I think this was the first show I bought a ticket for in lockdown. It was worth the wait (although I’m still much more interested in theatre produced for the medium of the internet than shows which are live streamed – it’s always second best).
Everyone my age who works in theatre grew up with the name Sarah Kane. She took her own life two years before I turned sixteen. My first introduction to her work was the Royal Court’s 2001 production of 4:48 Psychosis. It was probably the first time a work of art had told me life could be shit and painful but that didn’t mean it wasn’t sometimes funny. It’s a show that has never left me.
But Crave has always been my favourite of her five plays because in some ways it is the most gentle. Four voices (‘characters’ isn’t accurate) wrestle with memories of past lovers, some real and some fictional – it doesn’t matter, not when the feelings these memories evoke create such turmoil, angst and profound yearning for one human to show tenderness to another. There are hints these voices share the same space but full, intimate communication never occurs. They can only talk with themselves, which is the loneliest kind of conversation imaginable.
The production at the Chichester theatre stages the emotional paralysis of the voices very effectively The actors speak on treadmills, which during moments of particular despair that could represent some kind of catharsis speed up and prevent the voices from escaping their memories. Talking in Crave is a form of torture because it is the only way the voices know they are alive. Yet without speech they would disappear. The act of speaking is itself an act of hope; hope that continuing to live will be better than not living at all.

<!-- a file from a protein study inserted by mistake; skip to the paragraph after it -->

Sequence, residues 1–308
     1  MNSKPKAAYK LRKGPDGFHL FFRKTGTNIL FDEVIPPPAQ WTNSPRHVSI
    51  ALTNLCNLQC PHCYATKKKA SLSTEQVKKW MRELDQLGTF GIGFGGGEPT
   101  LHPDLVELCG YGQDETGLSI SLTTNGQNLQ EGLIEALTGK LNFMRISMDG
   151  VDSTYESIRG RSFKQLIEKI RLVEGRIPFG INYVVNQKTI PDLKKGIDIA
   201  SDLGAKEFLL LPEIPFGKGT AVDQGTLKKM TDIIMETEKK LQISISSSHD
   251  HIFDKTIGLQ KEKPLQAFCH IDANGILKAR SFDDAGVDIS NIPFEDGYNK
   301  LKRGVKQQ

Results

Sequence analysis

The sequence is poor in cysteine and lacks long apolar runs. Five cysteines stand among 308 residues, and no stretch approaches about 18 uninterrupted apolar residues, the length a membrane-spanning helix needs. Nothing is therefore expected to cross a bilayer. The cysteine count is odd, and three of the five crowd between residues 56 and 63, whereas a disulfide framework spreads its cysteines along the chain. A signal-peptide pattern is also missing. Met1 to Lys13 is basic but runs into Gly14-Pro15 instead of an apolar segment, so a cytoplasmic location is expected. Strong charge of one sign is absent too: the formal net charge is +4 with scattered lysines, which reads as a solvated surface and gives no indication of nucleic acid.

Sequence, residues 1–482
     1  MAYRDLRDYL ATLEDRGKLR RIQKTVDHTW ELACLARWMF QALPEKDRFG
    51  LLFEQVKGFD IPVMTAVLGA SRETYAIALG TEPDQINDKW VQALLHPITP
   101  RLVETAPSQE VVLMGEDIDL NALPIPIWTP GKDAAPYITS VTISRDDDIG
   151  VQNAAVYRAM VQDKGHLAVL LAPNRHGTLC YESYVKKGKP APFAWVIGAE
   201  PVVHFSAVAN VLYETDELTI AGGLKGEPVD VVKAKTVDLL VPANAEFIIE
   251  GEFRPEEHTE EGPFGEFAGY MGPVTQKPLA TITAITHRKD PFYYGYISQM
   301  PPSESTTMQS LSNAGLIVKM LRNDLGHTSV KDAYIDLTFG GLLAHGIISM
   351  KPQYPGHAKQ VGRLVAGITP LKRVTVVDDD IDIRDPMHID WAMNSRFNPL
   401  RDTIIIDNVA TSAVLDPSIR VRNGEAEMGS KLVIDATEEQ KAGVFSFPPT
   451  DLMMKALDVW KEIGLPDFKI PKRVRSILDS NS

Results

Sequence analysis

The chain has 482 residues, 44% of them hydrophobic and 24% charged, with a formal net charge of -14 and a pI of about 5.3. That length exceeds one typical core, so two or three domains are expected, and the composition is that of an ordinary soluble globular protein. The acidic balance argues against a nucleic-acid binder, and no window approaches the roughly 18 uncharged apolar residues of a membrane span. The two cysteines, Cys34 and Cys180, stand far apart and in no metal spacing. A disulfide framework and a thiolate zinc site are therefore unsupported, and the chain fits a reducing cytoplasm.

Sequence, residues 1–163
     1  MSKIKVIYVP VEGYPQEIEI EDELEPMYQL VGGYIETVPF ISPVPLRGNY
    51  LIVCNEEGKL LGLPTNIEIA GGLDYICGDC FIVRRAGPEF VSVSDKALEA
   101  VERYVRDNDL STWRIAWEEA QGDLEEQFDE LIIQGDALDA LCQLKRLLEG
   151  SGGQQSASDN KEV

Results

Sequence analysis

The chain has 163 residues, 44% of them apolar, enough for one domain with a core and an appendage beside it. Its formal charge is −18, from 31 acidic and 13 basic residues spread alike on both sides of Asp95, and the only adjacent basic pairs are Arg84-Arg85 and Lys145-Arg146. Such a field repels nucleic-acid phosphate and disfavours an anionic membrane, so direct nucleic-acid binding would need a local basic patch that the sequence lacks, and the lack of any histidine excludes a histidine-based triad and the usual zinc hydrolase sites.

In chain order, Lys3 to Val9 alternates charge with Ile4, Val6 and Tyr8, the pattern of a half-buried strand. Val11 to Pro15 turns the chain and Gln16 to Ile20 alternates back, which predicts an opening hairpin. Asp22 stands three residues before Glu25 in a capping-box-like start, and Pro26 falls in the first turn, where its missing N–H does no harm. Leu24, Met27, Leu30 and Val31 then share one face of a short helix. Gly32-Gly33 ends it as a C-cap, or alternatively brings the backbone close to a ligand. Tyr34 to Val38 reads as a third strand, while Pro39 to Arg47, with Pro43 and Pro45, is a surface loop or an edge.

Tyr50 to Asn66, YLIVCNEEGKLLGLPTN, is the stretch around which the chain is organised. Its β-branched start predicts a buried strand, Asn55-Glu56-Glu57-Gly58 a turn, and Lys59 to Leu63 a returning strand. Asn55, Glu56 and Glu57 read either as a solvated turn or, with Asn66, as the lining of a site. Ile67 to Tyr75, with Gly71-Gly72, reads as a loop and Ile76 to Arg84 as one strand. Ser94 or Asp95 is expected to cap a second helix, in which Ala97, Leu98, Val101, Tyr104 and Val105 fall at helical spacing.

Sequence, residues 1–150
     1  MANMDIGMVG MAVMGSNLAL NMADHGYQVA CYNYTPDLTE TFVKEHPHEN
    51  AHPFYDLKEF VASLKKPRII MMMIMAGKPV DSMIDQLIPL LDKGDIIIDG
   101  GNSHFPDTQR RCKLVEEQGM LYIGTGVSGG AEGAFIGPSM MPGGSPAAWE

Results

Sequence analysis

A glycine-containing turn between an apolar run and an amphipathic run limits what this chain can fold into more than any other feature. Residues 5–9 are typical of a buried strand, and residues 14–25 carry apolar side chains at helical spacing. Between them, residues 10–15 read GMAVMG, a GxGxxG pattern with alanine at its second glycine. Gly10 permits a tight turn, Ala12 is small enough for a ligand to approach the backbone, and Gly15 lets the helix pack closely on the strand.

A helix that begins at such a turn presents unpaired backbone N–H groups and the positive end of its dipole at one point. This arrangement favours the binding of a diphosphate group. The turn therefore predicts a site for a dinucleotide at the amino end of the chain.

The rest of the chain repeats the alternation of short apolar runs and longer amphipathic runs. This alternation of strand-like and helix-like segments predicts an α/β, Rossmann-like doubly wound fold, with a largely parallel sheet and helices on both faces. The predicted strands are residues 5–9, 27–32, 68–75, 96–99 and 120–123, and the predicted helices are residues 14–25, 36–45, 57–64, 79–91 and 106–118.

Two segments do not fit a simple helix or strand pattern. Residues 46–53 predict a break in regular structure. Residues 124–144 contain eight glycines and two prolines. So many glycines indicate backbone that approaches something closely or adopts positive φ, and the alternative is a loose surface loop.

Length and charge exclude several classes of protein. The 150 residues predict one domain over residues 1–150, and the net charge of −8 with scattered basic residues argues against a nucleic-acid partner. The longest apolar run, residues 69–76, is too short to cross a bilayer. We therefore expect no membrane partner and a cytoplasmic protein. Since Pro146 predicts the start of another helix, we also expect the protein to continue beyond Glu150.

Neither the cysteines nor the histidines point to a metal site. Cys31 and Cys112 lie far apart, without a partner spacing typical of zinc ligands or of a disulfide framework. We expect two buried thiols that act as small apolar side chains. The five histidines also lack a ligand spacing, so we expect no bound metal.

All of the voices speak about an unnamed city. Apart from evoking the city of ghosts in TS Eliot’s The Wasteland, it’s vagueness becomes a metaphor for how all lives are composed of countless voices that flow around us and in us. Their absence creates a silence that the voices in Crave treat as a kind of death that should be mourned for. But private grief is always unsatisfactory. Pain needs to be witnessed if it is to have any greater significance.
All the voices are screaming at the audience, imploring us to recognise: My suffering matters.
It’s difficult not to think about these themes during lockdown. Isolation is the depressive’s natural state (I should know). I cannot imagine what it must be like for those who cannot escape themselves or their home. Going for long walks, often to bookshops, is one of my coping therapies when I am in a hole. The feeling of being ‘locked in’ is one that people who are mentally ill are all too familiar with. Covid-19 has turned the world into psychic performance of depression. Crave is the perfect show to stage the psychic trauma of wanting to be outside of ourselves, outside of everything we have become too familiar with.